Tell Me a Story: Part 3

For those who have been following along, the question at the end of Part 2 was whether a third character should narrate the story.

And the story so far: King Felipe promised to marry the Duchess Josefa if she bore him a son. But he betrays her and marries another. Josefa, duchess and witch, stays pregnant for nine years, maliciously keeping the King’s son from him. But when the Queen dies and the King once again plans to marry another, Josefa gives birth to a magical, evil child. Prince of the Black Heart.

To revenge his mother’s honor, Prince Severiano travels to the capital where Felipe’s wedding to the foreign princess is taking place. Accompanying him is my potential narrator, the giant Marquez.

If Marquez is to tell this story, he has to have some stake in how it ends. He also needs his own character arc.

As a young giant, he promised the Duke of Fontan├ír that he’d guard Josefa, then a child, with his body and soul. To keep that promise, he’s committed all sorts of heinous acts, including the murders of the king’s messengers. The story might begin with Marquez murdering the ninth of nine messengers, cleaving him from crown to groin with his broadsword.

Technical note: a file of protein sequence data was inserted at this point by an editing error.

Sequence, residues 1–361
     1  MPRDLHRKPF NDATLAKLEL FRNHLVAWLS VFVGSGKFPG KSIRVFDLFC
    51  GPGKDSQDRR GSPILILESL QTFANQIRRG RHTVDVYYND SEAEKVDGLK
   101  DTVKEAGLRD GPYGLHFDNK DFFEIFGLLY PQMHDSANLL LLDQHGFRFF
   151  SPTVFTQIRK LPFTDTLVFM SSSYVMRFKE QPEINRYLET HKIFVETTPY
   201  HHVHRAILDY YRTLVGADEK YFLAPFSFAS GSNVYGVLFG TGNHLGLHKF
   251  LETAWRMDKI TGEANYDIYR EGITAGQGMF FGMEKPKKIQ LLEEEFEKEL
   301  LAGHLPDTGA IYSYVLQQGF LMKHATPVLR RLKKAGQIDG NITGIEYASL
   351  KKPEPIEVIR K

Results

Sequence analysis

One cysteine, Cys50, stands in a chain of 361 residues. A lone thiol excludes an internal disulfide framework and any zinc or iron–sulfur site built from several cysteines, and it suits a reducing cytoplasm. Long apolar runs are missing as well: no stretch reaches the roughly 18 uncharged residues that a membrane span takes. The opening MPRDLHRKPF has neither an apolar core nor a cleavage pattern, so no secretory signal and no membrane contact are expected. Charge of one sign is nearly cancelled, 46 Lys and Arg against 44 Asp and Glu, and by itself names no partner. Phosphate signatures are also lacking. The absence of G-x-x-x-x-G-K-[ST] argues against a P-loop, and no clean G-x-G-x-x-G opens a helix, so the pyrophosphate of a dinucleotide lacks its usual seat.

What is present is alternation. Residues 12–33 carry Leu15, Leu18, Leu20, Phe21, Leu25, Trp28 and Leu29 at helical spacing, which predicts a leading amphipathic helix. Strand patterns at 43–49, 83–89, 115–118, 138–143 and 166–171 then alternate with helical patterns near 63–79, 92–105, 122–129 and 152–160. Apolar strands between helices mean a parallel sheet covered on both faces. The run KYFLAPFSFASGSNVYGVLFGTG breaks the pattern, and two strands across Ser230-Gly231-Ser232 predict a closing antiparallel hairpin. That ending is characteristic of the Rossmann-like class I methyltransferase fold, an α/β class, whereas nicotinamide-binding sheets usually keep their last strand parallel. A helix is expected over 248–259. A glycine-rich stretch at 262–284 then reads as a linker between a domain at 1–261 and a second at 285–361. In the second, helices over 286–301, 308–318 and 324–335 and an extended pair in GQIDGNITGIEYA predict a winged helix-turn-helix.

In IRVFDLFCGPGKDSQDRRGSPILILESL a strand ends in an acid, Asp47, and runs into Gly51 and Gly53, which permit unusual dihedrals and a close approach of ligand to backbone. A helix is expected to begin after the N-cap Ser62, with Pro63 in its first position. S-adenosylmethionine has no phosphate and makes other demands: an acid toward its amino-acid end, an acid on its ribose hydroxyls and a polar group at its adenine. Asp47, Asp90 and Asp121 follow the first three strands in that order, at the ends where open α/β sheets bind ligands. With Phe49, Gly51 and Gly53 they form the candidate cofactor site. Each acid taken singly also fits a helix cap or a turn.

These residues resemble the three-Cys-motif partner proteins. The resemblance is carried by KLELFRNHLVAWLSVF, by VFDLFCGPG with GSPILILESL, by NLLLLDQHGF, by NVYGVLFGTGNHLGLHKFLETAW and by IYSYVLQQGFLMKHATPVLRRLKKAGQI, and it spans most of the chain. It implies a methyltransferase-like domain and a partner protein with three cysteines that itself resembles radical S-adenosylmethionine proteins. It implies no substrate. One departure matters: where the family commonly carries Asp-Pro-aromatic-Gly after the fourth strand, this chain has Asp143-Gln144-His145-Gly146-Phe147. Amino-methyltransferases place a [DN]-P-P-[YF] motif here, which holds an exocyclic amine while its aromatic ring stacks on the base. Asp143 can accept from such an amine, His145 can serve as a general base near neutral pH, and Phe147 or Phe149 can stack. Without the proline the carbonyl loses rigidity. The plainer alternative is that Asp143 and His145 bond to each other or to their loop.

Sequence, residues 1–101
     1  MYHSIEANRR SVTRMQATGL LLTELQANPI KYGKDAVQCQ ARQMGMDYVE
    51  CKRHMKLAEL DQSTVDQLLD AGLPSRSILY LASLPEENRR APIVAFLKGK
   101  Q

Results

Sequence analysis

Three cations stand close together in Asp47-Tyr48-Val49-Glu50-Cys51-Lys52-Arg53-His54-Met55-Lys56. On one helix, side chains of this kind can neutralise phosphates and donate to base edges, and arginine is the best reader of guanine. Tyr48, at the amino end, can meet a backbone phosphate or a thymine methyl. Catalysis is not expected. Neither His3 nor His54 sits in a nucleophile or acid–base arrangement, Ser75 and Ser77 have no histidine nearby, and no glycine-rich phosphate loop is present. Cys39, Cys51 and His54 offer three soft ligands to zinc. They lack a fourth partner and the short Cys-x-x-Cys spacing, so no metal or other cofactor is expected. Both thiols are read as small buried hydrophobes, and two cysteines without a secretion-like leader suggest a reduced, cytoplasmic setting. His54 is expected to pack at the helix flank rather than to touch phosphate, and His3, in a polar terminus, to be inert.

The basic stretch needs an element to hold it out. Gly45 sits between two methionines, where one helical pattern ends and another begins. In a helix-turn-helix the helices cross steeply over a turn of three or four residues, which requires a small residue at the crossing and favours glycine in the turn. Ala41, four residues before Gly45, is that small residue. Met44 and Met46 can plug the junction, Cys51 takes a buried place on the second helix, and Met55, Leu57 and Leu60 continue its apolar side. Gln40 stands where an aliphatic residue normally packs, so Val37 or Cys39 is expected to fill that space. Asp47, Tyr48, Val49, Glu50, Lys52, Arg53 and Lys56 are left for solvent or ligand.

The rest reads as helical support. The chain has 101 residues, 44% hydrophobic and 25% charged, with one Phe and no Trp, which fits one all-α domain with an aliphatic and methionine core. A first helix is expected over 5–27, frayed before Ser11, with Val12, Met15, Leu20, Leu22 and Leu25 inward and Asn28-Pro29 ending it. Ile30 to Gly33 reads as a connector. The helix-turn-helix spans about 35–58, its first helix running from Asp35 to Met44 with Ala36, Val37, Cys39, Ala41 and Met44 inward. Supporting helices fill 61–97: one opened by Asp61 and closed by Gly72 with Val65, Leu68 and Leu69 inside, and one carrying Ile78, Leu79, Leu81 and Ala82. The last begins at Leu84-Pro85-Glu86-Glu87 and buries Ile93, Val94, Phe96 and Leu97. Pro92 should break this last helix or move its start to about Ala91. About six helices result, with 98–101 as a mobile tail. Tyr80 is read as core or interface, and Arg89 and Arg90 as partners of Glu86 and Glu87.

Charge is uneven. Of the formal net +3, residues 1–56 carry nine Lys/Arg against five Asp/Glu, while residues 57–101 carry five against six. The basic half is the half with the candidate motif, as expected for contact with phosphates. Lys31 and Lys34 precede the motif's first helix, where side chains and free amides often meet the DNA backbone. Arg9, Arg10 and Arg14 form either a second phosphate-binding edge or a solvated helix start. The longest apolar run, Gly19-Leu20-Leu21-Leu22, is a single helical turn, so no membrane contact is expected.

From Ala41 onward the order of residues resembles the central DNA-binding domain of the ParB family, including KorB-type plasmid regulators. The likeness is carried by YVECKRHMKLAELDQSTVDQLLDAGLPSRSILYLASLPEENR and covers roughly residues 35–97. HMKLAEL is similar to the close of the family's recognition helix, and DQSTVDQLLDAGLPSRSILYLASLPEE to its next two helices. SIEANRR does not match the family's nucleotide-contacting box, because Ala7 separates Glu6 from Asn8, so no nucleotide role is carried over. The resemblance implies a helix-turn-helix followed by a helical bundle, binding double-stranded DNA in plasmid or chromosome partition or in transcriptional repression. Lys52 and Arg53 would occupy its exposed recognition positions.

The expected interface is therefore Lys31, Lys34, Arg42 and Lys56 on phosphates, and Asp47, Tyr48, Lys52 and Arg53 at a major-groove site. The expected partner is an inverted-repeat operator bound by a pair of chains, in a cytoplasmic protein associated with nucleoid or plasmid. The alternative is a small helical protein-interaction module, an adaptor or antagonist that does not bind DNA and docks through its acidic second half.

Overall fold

He’s a giant, after all.

It’s the end that’s giving me fits. Josefa has a change of heart and arrives at the wedding in time to–what? Save the king? Or would it be better if Severiano kills the king? Save the foreign princess? That unfortunate young woman’s only purpose in the story is to die.

No, for this to work, Josefa arrives in time to destroy her son before he murders the sole remaining royal, the king’s daughter by his first wife. The princess becomes Queen of Talavera.

In destroying Severiano, Josefa destroys herself.

I dunno. It seems a bit of a snarl to me. Marquez as observer-narrator doesn’t really work. He may be horrified by events, but does he change?

Comments, as always, are welcome.